I am excited to introduce Rachel Mitchell, Founder of My Sweet Sleeper. She is a Certified Maternity, Infant and Toddler Sleep consultant and the resident sleep expert at Motherly.
We were so lucky to have her takeover @dreamlandbabyco Instagram stories earlier this week and answer all your burning baby sleep questions. We hope Rachel's expert answers can help you and your baby on your sleep journey!
Q: How long does it take to see progress once you start sleep training?
A: Anywhere from 7-14 days you really want to give it, with consistent application before you are going to see any type of progress. Remember progress can be very small in the beginning. Long term progress really does depend on the age of your child and how long you have been implementing a specific method. Also remember, it does vary from child to child.
Q: Early morning rising, how to handle them? 13 month old is waking up very early no matter what I have tried!
A: I know that can be so frustrating. There are a lot of different reasons why early morning wake-ups tend to happen.
One of them can be that your child is going to bed over tired, either from lack of naps or bedtime is not appropriate for their age group (too late). So that is the first place you will want to look.
Keep in mind, in the morning babies don’t have as much sleep pressure built up. It is the lightest stage of sleep. So even the slightest noise or light or anything like that can be really, really over stimulating.
Q: Weaning the pacifier when it is affecting sleep?
A: Taking away the pacifier at the toddler age can be difficult but it doesn’t have to be. My recommendation is always the gradual approach.
Make your child part of the process. It could be telling a fun story, talking about another toddler friend who gave away their pacifier, tucking away the pacifier and saying goodbye.
Q: Why won’t my baby sleep in a crib?
A: A lot of the time it can actually be the timing of when you put your baby in the crib. If your baby is already overtired it can seem like she is rejecting the crib, wants nothing to do with the crib.
Actually, baby is already over tired so no matter where (unless maybe baby is like snuggled against you) then baby is still going to be fussy.
Q: Is it bad to put your child to sleep later in the night so they will later in the AM?
A: This unfortunately often backfires because it can result in an overtired baby if you miss their natural sleep window. Depending on the age of your child I typically recommend an earlier bedtime, not later!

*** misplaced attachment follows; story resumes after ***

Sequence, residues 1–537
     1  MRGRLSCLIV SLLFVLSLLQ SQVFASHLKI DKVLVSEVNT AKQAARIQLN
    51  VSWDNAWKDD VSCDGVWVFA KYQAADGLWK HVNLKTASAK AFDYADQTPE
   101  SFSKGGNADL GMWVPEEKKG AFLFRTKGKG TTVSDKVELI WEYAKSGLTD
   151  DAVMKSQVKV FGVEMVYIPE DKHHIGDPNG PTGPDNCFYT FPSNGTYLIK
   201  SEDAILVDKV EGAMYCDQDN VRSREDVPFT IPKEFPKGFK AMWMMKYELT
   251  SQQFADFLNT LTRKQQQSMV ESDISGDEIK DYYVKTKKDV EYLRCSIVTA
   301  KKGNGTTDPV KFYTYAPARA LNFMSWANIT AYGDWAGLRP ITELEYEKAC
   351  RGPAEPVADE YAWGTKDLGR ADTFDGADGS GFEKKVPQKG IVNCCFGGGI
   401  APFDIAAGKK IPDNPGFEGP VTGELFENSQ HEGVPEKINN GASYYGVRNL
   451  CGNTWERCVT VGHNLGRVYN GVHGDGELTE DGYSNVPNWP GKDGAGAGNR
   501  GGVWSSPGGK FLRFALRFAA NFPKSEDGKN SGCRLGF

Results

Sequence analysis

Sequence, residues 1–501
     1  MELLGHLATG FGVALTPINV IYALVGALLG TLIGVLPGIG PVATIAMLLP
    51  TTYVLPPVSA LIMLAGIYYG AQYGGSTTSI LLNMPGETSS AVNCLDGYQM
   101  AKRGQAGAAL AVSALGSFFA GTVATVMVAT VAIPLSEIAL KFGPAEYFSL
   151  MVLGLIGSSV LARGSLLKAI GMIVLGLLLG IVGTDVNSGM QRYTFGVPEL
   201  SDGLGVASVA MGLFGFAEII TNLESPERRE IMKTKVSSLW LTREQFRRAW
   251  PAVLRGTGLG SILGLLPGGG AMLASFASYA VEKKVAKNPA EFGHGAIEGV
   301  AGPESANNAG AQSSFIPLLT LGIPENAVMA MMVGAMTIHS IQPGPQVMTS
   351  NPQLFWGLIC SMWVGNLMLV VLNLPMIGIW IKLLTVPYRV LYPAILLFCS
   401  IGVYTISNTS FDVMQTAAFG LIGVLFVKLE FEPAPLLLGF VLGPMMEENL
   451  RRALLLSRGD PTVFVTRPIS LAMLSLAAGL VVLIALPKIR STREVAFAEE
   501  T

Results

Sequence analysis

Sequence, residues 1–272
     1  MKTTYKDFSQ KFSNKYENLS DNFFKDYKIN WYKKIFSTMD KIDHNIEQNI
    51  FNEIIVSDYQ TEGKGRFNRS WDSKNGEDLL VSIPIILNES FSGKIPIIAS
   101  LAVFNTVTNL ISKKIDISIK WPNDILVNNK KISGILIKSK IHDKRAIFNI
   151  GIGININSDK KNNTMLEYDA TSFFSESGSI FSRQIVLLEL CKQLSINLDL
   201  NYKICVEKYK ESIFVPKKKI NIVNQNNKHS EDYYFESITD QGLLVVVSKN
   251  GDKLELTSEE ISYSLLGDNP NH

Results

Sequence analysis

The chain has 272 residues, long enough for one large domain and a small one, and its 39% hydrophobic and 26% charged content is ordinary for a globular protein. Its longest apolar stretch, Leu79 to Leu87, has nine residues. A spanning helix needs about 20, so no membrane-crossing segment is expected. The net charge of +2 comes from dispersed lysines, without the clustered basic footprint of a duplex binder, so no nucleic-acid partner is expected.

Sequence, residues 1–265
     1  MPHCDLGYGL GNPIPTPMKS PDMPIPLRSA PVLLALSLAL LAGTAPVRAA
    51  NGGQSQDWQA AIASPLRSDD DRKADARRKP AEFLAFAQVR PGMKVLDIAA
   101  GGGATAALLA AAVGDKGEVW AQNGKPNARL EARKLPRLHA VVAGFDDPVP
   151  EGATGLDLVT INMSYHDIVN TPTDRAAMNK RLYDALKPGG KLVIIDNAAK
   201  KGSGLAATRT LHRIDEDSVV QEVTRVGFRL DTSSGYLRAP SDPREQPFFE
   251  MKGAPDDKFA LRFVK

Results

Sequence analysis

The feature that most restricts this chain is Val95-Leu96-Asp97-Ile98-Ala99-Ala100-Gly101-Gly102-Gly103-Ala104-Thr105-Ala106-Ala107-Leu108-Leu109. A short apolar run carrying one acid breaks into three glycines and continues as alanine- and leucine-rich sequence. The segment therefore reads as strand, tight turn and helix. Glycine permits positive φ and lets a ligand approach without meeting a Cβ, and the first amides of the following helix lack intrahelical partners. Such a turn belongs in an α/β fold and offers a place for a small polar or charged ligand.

Q: Is it safe to lay a 9 month old to sleep on their belly?
A: We always recommend laying your baby on their back for sleep. But if your baby is able to roll from back to belly and back again, then it is fine to leave them on their belly.
Q: 2.5 year old that still wakes up all the time despite our efforts. What can we do!!?
A: Identifying the issue of the wakeups is step 1! A few other areas to consider..
Is bedtime appropriate? Should be no later than 8pm and might need to be as early as 6pm
Is she/he getting a minimum of 1.5 hours for a nap?
Is she going to sleep independently? And if not how can you take steps towards that?
Q: When do babies start sleeping longer stretches? Weeks or at a weight?
A: Typically by 12 weeks you’ll start to see more consolidated stretches and then by 4.5/5 months you might see consistent stretches as long as 10/12 hours (although many babies at this age still wake to feed overnight)
Q: Best tips from transitioning my 1yr old (who safely cosleeps with me) into her own crib?
A: Practice time in the crib as much as possible. Start all naps in the crib even if they end up being short to create a positive crib association.
A version of the sleep lady shuffle can also be really helpful at night!
Q: Me 2 month old won’t nap longer than 45 minutes at a time during the day, how can I extend baby naps?
A: That is pretty common at that age since sleep cycles are still forming.
Make sure you’re swaddling, using white noise, encouraging a pacifier, and when baby wakes at the 45 minute mark try soother baby back to sleep. You also want to make sure you’re attempting naps every 75-90 minutes.
Q: How to handle regressions?
A: This is probably the number one question I get asked. First, I want you to understand not every disturbance in sleep means a regression is happening. A lot of the time when it seems like you are in the middle of a regression, it is actually caused by a development leap, a change in family dynamic, or something more obvious like sickness or teething. The best way to tell if your baby really is experiencing a regression is if new sleep habits have presented and stuck around for longer than two weeks. In this case the most important thing to do is remain consistent in your approach. Often I see parents try to implement several new methods or suddenly change their baby’s sleep environment which can create more chaos and further the regression. You also want to make sure you are meeting your baby where they are developmentally. If your child’s schedule is no longer appropriate for their age/development stage it might be time to shift. Just make sure you are getting to the root of the cause before immediately trying to change things.